KIT (also called CD117) is a receptor tyrosine
kinase (RTK) expressed on a wide variety of
cell types. The ligand for KIT is stem cell factor (SCF). The binding of SCF to the
extracellular domain of KIT induces receptor
dimerization and activation of downstream
signaling pathways, including the
PI3K-AKT-mTOR pathway, the RAS-RAF-MEK-ERK pathway, and the signal transducer and activator of
transcription 3 (acute-phase response factor),
or STAT3, pathway, all of which are involved in mediating pro-growth and pro-survival signals
within the cell (Figure 1).
Mutant KIT has been implicated in the pathogenesis of several cancers including melanoma, acute
leukemia, and gastrointestinal stromal tumor (GIST; Heinrich et al.
2003; Hirota et al.
The discovery of KIT mutations revolutionized
the treatment of GISTs. The use of imatinib mesylate (Gleevec), an oral KIT inhibitor leads to
rapid, substantial, and durable tumor responses (Demetri et al.
2002). Not all KIT mutations are associated with equal sensitivity to imatinib (Heinrich et al.
2008); some are more sensitive to second-generation KIT inhibitors.
Figure 1. Schematic of KIT signaling pathways. The binding of SCF, to the
KIT receptor tyrosine kinase results in activation of the MAPK signaling pathway (RAS-RAF-MEK-ERK), the PI3K pathway
(PI3K-AKT-mTOR), and the STAT3 pathway. The letter "K" within the schema denotes the tyrosine
Suggested Citation: Lovly, C., J. Sosman, W. Pao. 2015. KIT. My Cancer
(Updated December 7).
Last Updated: December 7, 2015
KIT in GIST
KIT is mutated in ~85% of GIST (Heinrich et al.
2003). The vast majority of KIT mutations
are found in exon 11 (juxtamembrane domain; ~70%), exon 9 (extracellular dimerization motif; 10–15%), exon
13 (tyrosine kinase 1 (TK1) domain; 1–3%),
and exon 17 (tyrosine kinase 2 (TK2) domain
and activation loop; 1–3%; Heinrich et al. 2003).
Secondary KIT mutations in exons 13, 14, 17, and 18 are commonly identified in
post-imatinib biopsy specimens, after patients have developed acquired resistance.
Suggested Citation: Maki, R., V. Keedy. 2014. KIT in GIST. My Cancer
Genome https://www.padiracinnovation.org/content/disease/gist/kit/ (Updated
Last Updated: September 29, 2014
No Mutation Detected in KIT, PDGFRA and BRAF in GIST
GISTs with no detected mutations in
KIT, PDGFRA, and BRAF were formerly referred to as wild type; more
precisely, wild type refers to those GISTs that do not have mutations in KIT, PDGFRA,
and BRAF. A significant proportion of GISTs without other mutations have mutations
instead in genes encoding the protein succinate dehydrogenase (SDH), most commonly SDHB
(Janeway et al. 2010)
or SDHA. Approximately half of people with no KIT, PDGFRA, and BRAF
mutations detected in their metastatic GIST have stable disease for ≥ 6 months when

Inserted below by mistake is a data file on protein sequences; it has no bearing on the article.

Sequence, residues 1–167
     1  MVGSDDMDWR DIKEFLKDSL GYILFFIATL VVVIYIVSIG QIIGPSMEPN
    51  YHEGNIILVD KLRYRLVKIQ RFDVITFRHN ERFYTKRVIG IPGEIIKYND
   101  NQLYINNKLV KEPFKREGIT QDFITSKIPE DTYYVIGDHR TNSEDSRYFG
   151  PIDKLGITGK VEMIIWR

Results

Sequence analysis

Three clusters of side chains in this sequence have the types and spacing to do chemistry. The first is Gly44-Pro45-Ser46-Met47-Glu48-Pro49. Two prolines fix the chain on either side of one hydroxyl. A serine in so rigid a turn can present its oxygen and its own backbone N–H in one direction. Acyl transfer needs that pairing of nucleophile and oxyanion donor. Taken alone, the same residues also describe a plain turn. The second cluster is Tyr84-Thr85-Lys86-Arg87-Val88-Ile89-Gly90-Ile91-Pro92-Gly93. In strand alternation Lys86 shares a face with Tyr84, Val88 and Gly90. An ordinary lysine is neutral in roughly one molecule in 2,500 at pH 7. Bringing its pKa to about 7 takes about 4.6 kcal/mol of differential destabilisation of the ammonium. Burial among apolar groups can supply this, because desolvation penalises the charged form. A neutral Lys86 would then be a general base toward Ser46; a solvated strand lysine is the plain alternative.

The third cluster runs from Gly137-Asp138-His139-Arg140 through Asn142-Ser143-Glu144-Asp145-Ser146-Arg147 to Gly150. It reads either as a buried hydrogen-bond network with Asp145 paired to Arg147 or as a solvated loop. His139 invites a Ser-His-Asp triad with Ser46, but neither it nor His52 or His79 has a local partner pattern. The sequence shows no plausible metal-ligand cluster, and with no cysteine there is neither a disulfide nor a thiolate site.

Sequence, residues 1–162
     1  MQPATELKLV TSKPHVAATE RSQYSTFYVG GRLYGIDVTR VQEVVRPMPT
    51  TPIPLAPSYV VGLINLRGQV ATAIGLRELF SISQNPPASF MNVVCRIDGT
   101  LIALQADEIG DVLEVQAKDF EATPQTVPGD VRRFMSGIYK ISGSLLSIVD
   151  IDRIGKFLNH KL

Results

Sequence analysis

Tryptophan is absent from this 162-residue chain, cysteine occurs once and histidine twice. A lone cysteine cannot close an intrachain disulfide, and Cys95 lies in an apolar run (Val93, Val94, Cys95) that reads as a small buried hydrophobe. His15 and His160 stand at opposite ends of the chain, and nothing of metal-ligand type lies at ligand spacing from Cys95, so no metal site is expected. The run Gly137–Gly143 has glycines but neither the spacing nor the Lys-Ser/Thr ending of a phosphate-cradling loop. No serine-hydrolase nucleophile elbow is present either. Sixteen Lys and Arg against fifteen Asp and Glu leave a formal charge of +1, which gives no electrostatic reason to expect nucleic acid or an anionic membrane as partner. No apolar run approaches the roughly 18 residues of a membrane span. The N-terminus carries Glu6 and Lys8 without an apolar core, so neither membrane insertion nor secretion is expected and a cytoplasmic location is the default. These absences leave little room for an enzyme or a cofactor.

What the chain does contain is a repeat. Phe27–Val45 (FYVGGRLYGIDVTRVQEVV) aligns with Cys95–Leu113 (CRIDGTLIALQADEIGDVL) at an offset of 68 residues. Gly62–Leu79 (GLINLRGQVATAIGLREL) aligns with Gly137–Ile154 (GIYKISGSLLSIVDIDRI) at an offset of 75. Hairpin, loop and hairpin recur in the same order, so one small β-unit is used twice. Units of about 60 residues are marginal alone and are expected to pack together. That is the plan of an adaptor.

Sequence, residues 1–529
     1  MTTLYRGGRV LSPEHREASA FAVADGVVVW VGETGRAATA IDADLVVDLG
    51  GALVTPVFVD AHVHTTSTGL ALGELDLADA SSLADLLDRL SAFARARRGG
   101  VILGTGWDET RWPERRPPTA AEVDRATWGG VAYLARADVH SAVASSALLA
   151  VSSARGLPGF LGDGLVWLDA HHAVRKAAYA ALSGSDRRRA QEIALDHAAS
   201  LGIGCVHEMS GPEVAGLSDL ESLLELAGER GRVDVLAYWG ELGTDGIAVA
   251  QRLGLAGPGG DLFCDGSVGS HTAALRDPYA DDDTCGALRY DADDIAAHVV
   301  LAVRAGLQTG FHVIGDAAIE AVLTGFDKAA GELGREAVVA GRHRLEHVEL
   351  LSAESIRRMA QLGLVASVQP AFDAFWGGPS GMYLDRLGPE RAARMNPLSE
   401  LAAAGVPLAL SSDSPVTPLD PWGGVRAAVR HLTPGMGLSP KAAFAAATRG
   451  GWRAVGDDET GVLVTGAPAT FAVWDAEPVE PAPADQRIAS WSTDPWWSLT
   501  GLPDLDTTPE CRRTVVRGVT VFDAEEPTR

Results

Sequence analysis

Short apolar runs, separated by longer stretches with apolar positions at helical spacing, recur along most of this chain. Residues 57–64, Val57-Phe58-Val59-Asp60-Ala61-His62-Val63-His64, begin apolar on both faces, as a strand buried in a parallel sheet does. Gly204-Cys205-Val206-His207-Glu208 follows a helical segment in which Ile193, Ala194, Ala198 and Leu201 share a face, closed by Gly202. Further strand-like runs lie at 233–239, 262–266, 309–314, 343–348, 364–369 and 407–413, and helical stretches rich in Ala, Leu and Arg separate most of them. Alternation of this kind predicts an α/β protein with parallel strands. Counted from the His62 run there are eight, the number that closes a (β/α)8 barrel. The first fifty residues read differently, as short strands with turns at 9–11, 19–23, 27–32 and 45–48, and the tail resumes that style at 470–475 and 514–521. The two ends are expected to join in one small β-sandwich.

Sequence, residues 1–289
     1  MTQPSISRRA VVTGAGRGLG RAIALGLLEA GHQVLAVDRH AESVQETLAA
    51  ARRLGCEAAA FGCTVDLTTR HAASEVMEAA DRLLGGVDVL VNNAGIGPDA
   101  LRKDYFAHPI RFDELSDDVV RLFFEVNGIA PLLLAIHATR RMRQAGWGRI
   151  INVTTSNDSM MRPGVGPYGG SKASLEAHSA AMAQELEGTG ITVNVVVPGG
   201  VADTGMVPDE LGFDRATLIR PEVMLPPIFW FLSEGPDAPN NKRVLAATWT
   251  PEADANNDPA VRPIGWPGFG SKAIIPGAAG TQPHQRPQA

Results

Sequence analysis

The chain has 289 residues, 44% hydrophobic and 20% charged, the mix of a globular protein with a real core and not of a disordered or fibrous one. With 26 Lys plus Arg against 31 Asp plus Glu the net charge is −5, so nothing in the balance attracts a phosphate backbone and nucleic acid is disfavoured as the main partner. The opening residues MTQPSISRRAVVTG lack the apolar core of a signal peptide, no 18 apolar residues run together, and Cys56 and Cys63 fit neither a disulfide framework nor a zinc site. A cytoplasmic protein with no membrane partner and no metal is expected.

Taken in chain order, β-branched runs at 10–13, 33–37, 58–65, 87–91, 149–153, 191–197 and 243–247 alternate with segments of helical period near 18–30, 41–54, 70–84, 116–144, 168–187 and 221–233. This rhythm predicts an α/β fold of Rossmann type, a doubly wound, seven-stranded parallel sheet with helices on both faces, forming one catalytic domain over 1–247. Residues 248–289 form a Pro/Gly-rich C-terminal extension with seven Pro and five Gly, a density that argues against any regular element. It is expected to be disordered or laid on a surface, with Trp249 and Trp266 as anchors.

treated with second line sunitinib (Heinrich et al. 2008).
Furthermore, people who get worse despite imatinib and sunitinib for their metastatic GIST,
regorafenib is useful, whether or not there are KIT, PDGFRA, and BRAF
et al. 2013).
Of note, “no mutation detected”
means that tumors were tested for one or more mutations
in one or more genes and none of these
specific mutations were detected. “No
mutation detected” is sometimes
referred to as “wild type.” However, these two terms do not refer to precisely
the same thing. Strictly speaking, the mutation
status should be qualified based on the testing method used. For example, if the testing
only included amino acid V600 in
BRAF and no mutation was detected, then the BRAF mutation status for that
tumor would be "wild type at amino acid V600." Since we now know more about mutations in
genes other than KIT, PDGFRA, and BRAF, the “wild type”
terminology is out of date.
One year of adjuvant imatinib does not improve relapse free survival for people with GISTs
that have no KIT, PDGFRA, and BRAF mutations, p=0.6 (Corless et
al. 2010). For people with no KIT, PDGFRA, and BRAF
mutations detected in GIST in the high-risk category (i.e., > 5 cm, > 5/50 HPF
mitotic count), there may be some benefit of 3 years compared to 1 year of adjuvant
imatinib; however, too few people were included to make a definitive recommendation, HR
0.41, p=0.1 (Joensuu
et al. 2011).
Note that this page is cross-listed under BRAF no mutation detected and PDGFRA no mutation detected in
Suggested Citation: Maki, R., V. Keedy. 2014. No Mutation Detected in KIT, PDGFRA and BRAF in GIST. My Cancer
Genome https://www.padiracinnovation.org/content/disease/gist/kit/56/ (Updated
Last Updated: October 21, 2014
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